Interview with Lisa Millar, ABC News Breakfast

Lisa Millar
Deployment of renewable-research hubs; Net-zero transition; Offshore wind turbines; Artificial intelligence.

LISA MILLAR: We're going to be talking about the cost of living, we're also going to be talking about a bit of science and joining us in the studio is Industry and Science Minister Ed Husic.

Ed, good morning.


LISA MILLAR: Now, I know you appreciate the way our program does science and all the work that Nate has been doing.

ED HUSIC: Very much so, yes, yes.

LISA MILLAR: want to talk about cost of living but you've got a couple of science announcements that are very important. Run us through them.

ED HUSIC: Well, they're also relevant to what we're talking about here in terms of making the transition to net zero. The world scientists were the first to detect that the climate was changing and alerting us to the need to do it.

Now scientists are leaning in to help us in that transition so as part of a global push with the National Science Foundation out of the US, the CSIRO and AEMO will be setting up, there'll be two particular research hubs. One here in Melbourne, another in Adelaide. One to deal with electric power and the other to deal with hydrogen, working with our universities and getting our minds, some of our really top minds in the country to scale up to really get the thinking developed into practical products to help us in terms of the transition.

So, it's a really good - I have to say it's a phenomenally great reflection on Australian talent, research talent, that they're getting this backing out of the National Science Foundation as part of the push with the UK, US, Canada and Australia to help us in the transition.

LISA MILLAR: Is the renewables goal still on track for the Federal Government though?

ED HUSIC: Well, we're definitely working towards that. The reason I put it that way is it's a big challenge. We're trying to convert an old energy grid into one that is suited for the times where we've got it reduce emissions and find new ways to get energy to people.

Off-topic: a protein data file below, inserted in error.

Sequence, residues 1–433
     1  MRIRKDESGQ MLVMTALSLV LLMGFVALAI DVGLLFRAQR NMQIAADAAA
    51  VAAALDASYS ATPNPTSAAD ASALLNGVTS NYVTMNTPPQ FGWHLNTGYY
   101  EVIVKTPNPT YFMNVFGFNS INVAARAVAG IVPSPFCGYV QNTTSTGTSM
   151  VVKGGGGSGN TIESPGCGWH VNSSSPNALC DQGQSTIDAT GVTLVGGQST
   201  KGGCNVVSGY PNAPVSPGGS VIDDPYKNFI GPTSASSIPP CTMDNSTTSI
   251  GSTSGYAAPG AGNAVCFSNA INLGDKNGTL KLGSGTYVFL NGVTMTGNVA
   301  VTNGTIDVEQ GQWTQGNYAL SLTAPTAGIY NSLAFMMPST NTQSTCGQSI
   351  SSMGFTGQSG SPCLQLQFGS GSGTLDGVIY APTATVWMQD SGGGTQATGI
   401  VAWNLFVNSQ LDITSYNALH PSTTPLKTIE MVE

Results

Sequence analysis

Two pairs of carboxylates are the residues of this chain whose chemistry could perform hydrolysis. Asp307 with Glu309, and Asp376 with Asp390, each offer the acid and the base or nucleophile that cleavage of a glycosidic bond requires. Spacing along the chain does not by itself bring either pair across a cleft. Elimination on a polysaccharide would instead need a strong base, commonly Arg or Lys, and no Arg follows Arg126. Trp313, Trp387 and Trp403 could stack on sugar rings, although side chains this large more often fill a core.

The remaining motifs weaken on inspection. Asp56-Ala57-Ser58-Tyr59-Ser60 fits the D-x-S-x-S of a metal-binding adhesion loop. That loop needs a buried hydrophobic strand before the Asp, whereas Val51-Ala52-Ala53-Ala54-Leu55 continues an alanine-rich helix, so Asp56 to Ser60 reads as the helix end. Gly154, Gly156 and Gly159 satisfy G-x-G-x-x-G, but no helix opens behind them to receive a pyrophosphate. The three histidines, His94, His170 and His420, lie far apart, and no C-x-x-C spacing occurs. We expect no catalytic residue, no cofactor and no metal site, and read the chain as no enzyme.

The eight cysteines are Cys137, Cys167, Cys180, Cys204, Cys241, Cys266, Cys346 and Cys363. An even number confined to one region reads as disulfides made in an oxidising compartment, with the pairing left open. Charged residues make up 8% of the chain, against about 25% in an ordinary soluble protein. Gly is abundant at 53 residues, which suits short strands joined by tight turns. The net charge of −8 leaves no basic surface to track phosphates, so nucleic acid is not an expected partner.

LISA MILLAR: And nuclear is just completely off the table, you won't counter anything that the Coalition's putting up?

ED HUSIC: Well if you look at it, solar and wind are the cheapest, quickest ways to get energy generation. And what the Coalition is proposing is something that they never really worked on when they were in government, and if they were to get back into government it would take ages to generate energy and it would be much more costly.

LISA MILLAR: But is the 378 billion that the Minister Chris Bowen put up as the cost of what that would be actually accurate? Because a lot of people have said that's a bit over the top.

ED HUSIC: No, I think if you look at it that is the scale of the investment that would be required. That is a huge amount of money that would be required, and without   and then the key ingredient here is community consent where these potential nuclear power plants would be built.

And apart from the fact that this is a massive distraction by the Coalition that's refused to engage on the need to make the transition to net zero, you've got the Liberal Party pushing for the creation of nuclear power plants, while the National Party fights the establishment of transition lines. So, you'll generate the energy, won't be able to move it.

What we really need is to get focused on how we make this transition as efficient as possible, and it will also longer-term deliver lower prices too when we get it right.